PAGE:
Knowing how equipment, technology and procedures work enables nurses to pinpoint ways to replace or improve them. Innovations can change the way nurses deliver patient care. Earning a Bachelor of Science in Nursing prepares nurses for the critical thinking required to come up with big or small adjustments for improved efficiency and safety in healthcare delivery.
What Is Nursing Innovation?
Nursing innovation starts with an idea and leads to the advent of new approaches, products or technologies. The main goal of nursing innovation is to improve the quality of patient care, reduce costs and boost efficiency.
What Is a Nurse Innovator?
A nurse innovator is an RN who identifies a problem, questions how it can be fixed and finds a solution.
How Does an RN to BSN Prepare Nurses for Being Innovators?
An RN to BSN program prepares nurses to be change agents in healthcare. It trains them to use their clinical knowledge for issues that adversely affect patients. BSN students learn the importance of staying up to date on new techniques and the latest technology. The following skills and expertise, developed in an RN to BSN program, help nurses become innovators.
- Problem solving
- Quality improvement
- Resource management
How Do Innovations Help Patients?
Innovations can ease patient stress, promote well-being and prevent disease. Nurse innovators can gather useful information and insight from patients, communities and other healthcare professionals. They can apply this knowledge to developing products, services or procedures that improve healthcare delivery and patient outcomes.
What Are Some of the Latest Innovations in Nursing?
Nurse innovators combine nursing expertise with observation and best practices to remedy problems. Here are six recent innovations in nursing.
- Assessables for infants - Jonelle Krier an obstetrics nurse noticed the need for infant clothing that exposed a newborn's umbilical cord to air. The standard practice today is to let the umbilical cord air dry and fall off on its own. Krier designed a onesie with an opening for the umbilical cord.
- Cady Hug - Patricia Cady, a neonatal intensive care nurse, worried about infants dislodging peripheral and umbilical intravenous lines when intubated and on a ventilator. She designed a vest that keeps their hands free but away from IV lines and ventilation tubes.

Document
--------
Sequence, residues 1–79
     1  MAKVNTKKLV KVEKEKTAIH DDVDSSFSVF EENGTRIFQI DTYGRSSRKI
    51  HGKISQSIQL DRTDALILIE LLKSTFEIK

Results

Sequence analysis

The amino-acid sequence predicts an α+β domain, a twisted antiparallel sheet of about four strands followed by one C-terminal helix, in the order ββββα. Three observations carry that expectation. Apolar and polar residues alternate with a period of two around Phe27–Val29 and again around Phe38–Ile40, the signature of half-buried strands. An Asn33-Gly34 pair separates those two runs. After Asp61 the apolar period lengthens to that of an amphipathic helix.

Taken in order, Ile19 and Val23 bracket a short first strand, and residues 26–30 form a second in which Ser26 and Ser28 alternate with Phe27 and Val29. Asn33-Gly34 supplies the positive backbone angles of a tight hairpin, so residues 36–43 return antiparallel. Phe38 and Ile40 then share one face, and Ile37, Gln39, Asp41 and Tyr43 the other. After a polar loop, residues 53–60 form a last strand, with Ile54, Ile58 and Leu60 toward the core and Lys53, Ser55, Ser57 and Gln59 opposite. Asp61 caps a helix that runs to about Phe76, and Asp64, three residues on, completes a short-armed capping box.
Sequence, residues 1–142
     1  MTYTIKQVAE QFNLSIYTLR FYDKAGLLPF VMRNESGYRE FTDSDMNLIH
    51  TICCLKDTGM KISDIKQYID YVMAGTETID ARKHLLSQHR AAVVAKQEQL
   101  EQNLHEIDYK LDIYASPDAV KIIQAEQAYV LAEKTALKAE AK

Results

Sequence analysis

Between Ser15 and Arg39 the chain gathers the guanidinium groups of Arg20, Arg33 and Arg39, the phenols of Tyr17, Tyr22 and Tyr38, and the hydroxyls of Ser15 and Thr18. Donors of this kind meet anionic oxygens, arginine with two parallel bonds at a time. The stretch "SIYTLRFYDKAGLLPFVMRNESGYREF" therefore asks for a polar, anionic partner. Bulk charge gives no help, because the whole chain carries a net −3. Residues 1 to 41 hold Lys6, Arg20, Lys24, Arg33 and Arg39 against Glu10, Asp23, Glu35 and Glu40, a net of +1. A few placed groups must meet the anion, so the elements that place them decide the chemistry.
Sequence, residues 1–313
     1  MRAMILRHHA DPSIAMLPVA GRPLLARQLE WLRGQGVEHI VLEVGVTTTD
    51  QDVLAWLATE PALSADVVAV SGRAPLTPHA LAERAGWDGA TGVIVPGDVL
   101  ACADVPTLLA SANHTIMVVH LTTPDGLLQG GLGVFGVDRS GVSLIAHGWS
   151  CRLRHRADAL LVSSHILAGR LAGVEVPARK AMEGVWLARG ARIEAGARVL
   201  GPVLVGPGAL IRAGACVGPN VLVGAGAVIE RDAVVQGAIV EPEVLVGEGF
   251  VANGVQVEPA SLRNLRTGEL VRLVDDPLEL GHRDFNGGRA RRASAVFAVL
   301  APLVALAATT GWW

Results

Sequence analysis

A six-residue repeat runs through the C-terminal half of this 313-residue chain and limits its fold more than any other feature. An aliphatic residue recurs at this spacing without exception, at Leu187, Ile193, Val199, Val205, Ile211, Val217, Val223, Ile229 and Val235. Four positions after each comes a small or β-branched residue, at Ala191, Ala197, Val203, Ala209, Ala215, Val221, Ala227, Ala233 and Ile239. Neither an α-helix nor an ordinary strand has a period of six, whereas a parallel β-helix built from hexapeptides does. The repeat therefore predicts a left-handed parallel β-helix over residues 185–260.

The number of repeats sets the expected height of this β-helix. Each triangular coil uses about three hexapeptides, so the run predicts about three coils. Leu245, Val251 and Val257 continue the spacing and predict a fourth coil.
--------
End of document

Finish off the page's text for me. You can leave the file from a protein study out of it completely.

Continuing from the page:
- ColorSafe IV Lines - RNs Terri Barton-Salinas and Gail Barton-Hay saw a need for better identification of IV lines as more errors can occur when they are indistinguishable. The RNs came up with the idea of using labeled color-coated lines.
- Good to Go - Cheryl Bailey, RN and chief nursing officer at Cullman Regional Medical Center, let the hospital serve as a beta site for a mobile health platform. Nurses can use an iPod to upload and customize audio instructions, educational videos, pictures and documents for individual patients. After discharge, patients can retrieve and review the information on a smartphone, computer or tablet.
- NoNo Sleeve - RN Jill Drew invented a wearable warning sign for patients with a dialysis device in an arm. The sleeve alerts nurses to avoid the arm for IV hookups, blood pressure cuffs and blood tests.
- Senior Care Central - Dr. Kristen Mauk teaches gerontological nursing. She decided to help older adults age in their homes by pairing them with nursing students. The students gain valuable experience and the seniors receive end-of-life care.
Innovations result when nurses combine clinical expertise, creativity and critical thinking. The skills and expertise gained in an RN to BSN program enable nurses to devise innovations that mitigate risk factors and improve patient care.
Learn more about the University of South Carolina Aiken's online RN to BSN program.
Sources:The Daily Progress: UVa Nurse Invents a 'Hug' to Protect NICU Babies
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